Trump to Follow Up Yemen Raid by Helping Saudis Target Civilians

Donald Trump’s first concrete decision as commander in chief was a major fiasco that killed nine children, eight women, and a U.S. soldier in a botched raid on al Qaeda in Yemen.

The operation — which Trump reportedly approved over dinner — also failed to catch its reported target and severely damaged a local clinic, mosque, and school.

It’s hard to imagine Donald Trump making the situation worse in Yemen, but he did.

Impoverished to begin with, Yemen is two years into a civil war that has killed 10,000 people and displaced millions. A U.S.-supplied bombing campaign has turned schools, hospitals, essential infrastructure, and ancient heritage sites into rubble. And a U.S.-backed blockade is preventing the trade of food and basic goods, starving a country that previously relied on imports for 90 percent of its food.

Armed Yemenis walk on the debris at a wedding hall which was reportedly hit by a Saudi-led coalition air strike in the capital Sanaa, on July 10, 2015, a few hours before a humanitarian pause was to take effect. The humanitarian pause in the war in Yemen will be

Armed Yemenis walk on the debris at a wedding hall reportedly hit by a Saudi-led coalition air strike in the capital Sanaa on July 10, 2015.

Photo: Mohammed Huwais/AFP/Getty Images

As a result, the United Nations this week declared that Yemen is on the brink of famine. Officials held a news conference Wednesday to announce that 19 million Yemenis — more than two-thirds of the country’s population — need some form of humanitarian assistance, 7.3 million people do not know where their next meal will come, and more than half of the country’s medical facilities have closed.

Jan Egeland, a former UN official and chair of the Norwegian Refugee Council, described the situation by saying “if bombs don’t kill you, a slow and painful death by starvation is now an increasing threat.”

Even so, the toll of Trump’s botched raid was so high that it drew criticism from the ousted government-in-exile of Abd Rabbu Mansour Hadi — the party supported by the U.S. and Saudi Arabia in Yemen’s civil war. The New York Times reported Tuesday that Hadi’s ministers had withdrawn their support for the U.S. to conduct ground missions in Yemen. The Pentagon and the Hadi government quickly denied the report, but Hadi’s foreign minister then said the government is conducting a “reassessment” of the raid.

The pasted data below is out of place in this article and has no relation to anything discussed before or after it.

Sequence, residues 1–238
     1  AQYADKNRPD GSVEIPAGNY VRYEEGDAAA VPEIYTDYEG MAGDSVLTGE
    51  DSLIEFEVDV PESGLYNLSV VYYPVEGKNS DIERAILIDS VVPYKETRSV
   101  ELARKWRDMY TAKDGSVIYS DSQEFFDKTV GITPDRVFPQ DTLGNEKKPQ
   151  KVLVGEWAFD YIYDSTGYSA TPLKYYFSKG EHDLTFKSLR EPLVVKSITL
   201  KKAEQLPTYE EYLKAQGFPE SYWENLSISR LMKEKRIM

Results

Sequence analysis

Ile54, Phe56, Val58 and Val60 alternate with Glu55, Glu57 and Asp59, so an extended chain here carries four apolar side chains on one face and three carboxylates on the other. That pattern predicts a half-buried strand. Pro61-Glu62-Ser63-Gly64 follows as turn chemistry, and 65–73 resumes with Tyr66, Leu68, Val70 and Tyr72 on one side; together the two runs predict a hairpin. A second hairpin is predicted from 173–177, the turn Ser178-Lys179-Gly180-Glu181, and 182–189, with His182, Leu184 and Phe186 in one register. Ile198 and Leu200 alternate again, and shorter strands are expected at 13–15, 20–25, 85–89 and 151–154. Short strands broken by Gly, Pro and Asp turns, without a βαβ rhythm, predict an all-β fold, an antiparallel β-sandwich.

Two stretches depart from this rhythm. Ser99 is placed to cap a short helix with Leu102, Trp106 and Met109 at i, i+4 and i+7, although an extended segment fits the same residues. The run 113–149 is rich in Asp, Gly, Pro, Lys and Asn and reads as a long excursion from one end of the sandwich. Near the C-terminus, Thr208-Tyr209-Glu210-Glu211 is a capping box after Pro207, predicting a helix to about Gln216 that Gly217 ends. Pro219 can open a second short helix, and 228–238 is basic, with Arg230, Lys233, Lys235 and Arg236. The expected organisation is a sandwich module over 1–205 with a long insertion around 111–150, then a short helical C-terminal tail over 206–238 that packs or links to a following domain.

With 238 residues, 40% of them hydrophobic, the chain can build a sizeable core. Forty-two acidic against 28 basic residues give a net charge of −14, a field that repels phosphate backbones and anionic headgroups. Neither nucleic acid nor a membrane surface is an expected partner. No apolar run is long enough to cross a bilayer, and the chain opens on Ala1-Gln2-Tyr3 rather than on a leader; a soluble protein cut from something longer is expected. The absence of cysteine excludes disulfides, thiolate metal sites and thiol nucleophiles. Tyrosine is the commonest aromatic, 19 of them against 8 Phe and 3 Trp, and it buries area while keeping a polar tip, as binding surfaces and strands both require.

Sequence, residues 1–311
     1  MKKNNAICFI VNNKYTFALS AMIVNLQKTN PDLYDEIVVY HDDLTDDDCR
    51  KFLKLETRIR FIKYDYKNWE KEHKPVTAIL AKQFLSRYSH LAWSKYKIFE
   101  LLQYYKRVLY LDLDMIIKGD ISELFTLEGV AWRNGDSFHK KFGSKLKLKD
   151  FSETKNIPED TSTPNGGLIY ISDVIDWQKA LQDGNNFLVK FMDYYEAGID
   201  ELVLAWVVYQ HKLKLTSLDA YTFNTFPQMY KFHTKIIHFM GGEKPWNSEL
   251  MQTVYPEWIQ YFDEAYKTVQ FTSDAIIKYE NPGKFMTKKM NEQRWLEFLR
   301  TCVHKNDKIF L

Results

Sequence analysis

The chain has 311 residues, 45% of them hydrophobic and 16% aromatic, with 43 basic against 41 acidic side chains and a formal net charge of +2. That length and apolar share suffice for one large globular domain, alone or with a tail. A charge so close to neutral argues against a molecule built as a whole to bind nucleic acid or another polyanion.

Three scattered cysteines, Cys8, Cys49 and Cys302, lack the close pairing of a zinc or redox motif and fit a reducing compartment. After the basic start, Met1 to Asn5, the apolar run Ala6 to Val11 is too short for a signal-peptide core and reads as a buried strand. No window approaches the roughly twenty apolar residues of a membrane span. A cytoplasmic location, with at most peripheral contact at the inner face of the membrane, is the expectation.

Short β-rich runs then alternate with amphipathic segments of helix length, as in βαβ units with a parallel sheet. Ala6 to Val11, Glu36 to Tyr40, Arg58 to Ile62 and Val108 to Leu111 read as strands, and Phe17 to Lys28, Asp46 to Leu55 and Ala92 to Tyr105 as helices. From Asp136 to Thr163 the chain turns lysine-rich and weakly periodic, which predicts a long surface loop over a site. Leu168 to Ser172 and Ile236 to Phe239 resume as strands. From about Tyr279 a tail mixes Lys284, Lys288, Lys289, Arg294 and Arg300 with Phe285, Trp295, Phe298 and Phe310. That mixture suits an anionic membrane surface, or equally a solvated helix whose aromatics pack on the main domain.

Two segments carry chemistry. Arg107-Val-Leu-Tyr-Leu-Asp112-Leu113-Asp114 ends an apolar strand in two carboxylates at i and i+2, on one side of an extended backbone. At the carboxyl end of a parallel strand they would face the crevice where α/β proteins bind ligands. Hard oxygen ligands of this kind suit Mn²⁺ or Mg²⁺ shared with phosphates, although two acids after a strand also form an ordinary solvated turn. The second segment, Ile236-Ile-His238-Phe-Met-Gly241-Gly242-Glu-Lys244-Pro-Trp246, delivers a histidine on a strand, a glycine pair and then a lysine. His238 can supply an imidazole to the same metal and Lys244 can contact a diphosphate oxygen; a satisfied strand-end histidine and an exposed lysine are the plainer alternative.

Trump is evidently so sensitive to the criticism that he has tried to smother it by shamefully smearing critics and trying to stifle dissent.

White House Press Secretary Sean Spicer accused critics of being disrespectful of Chief Special Warfare Operator William “Ryan” Owens, the Navy SEAL Trump sent to his death. “I think anybody who undermines the success of that raid owes an apology and does a disservice to the life of Chief Owens,” Spicer said.

On Thursday, after Sen. John McCain, R.-Ariz., described the raid as “a failure,” Trump — who repeatedly insisted it was a success — lashed out on Twitter, saying McCain’s criticism “emboldens the enemy” — likening congressional truth-telling to sedition.

And signs are that Yemen is in for more suffering at Trump’s hands. Trump’s Defense Department is reportedly considering a proposal to designate Yemen a formal battlefield in the war on terror, which would allow for an “intensified pace of operations, rather than one-off raids or drone strikes.”

Yemen is one of seven countries included in Trump’s immigration ban. In New York City, Yemeni-Americans have led strikes and large protests against the ban, which separates many from their extended families.

And the Washington Times reported on Wednesday that the administration is set to approve an arms transfer to Saudi Arabia that the Obama administration denied to them on human rights grounds.

The shipment contains hundreds of millions of dollars worth of weapons guidance systems that would allow Saudi Arabia to convert dumb bombs into precision missiles.